If It Ain’t Broke, Don’t Fix It
The phrase “If it ain’t broke, don’t fix it,” is often attributed to Bert Lance, director of the Office of Management and Budget (OMB) under President Jimmy Carter. Lance thought the federal government was trying to fix too many things that weren’t broken instead of fixing the things that were broken.
I hope that the current OMB respects the opinion of its former director.
The U.S. Department of Labor (DOL) recently sent a proposed regulation to the OMB for review. The last time the DOL put forward a fiduciary regulation in 2016, it included a strict fiduciary-only standard that made it harder for millions of Americans to achieve financial certainty.
Fortunately, the 5th U.S. Circuit Court of Appeals vacated that ill-advised regulation. But if the new DOL proposal is like the earlier one, it will once again prevent low- and middle-income Americans from getting the help they need to secure their retirements.
The consumer protection landscape has shifted markedly since 2016. There are now enhanced conduct standards that directly address the issues the DOL cited in its prior rulemaking.
In 2019, the Securities and Exchange Commission (SEC) introduced Regulation Best Interest to protect consumers. In 2020, the National Association of Insurance Commissioners (NAIC) adopted revisions to its annuity transactions model regulation that closely aligns with the SEC’s Regulation Best Interest. So far, 40 states have adopted laws and regulations enhancing protections for savers.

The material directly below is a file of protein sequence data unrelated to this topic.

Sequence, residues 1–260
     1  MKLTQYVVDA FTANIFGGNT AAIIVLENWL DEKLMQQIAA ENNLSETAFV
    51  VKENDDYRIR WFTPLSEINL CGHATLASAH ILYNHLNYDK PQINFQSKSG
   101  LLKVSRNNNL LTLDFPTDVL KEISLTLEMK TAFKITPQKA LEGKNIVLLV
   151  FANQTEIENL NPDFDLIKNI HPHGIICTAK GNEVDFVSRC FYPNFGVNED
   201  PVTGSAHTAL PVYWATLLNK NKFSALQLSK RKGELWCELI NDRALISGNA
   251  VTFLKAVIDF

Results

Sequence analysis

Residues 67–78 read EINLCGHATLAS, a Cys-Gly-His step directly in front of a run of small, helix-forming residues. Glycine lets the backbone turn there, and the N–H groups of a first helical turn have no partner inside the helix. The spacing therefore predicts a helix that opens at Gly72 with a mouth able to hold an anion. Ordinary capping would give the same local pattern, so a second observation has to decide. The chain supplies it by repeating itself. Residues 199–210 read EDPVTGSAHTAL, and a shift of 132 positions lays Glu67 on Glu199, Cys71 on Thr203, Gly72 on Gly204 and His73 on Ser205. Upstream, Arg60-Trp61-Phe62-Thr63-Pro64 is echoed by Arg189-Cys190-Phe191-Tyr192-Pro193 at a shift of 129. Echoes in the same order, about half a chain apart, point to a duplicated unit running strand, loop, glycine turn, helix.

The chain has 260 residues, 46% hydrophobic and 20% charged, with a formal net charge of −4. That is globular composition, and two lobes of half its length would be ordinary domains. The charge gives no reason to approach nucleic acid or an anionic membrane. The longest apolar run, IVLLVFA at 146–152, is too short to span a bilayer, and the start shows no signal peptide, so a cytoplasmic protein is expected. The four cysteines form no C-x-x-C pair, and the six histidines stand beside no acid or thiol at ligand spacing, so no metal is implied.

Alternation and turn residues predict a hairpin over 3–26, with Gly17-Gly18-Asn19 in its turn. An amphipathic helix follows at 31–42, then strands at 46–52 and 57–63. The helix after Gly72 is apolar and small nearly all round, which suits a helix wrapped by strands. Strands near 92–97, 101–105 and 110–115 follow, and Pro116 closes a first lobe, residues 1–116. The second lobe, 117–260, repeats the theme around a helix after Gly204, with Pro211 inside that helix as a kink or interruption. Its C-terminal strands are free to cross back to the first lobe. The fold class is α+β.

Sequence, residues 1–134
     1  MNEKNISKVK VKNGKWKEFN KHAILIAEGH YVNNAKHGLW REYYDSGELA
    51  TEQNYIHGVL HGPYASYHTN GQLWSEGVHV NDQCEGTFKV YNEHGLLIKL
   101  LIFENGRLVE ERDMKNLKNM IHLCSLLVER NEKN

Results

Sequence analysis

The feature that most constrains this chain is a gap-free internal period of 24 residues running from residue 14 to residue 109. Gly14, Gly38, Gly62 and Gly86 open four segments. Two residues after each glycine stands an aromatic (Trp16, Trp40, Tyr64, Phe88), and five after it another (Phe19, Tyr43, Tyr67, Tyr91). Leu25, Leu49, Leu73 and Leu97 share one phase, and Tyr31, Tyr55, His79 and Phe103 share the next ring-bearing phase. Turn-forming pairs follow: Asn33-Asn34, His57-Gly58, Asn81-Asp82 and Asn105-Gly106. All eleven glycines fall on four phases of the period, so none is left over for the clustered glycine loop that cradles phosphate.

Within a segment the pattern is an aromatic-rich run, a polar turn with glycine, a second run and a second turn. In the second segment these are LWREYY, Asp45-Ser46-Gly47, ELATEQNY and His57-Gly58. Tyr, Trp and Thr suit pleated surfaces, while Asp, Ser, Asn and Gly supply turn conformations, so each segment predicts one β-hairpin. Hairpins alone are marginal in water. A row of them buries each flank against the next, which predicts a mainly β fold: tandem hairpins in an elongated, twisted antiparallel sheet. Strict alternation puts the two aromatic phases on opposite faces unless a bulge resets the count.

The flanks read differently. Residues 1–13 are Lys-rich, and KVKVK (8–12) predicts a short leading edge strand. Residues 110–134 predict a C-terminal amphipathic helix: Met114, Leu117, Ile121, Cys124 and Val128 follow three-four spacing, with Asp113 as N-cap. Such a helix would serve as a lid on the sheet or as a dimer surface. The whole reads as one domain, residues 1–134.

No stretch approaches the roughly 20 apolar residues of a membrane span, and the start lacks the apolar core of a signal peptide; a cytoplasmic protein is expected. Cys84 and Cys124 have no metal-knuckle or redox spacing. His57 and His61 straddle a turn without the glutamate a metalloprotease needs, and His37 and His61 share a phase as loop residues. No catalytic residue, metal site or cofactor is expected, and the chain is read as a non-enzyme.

With these measures working together, savers can be confident that a financial professional is working in the saver’s best interest. But unlike a fiduciary-only approach, these measures ensure all savers can still access information about different choices for long-term security throughout retirement. This is especially vital for financially vulnerable lower- and middle-income Americans who lack the means to engage a fiduciary adviser, which often require account holders to make initial investments of $100,000 or more. A survey shows that retirement savers overwhelmingly prefer the option to work with any type of financial professional who is offering products and services that meet their needs.
The median household income of an annuity owner is $70,000. Any proposal that would make it more difficult for Americans to access the guaranteed income and peace of mind from annuities is misguided.
Because of the enhanced consumer protections from the SEC and states in recent years, there is no need for DOL action at this time. Let’s not fix something that isn’t broken, and instead work to ensure everyone has the opportunity to achieve financial certainty throughout retirement.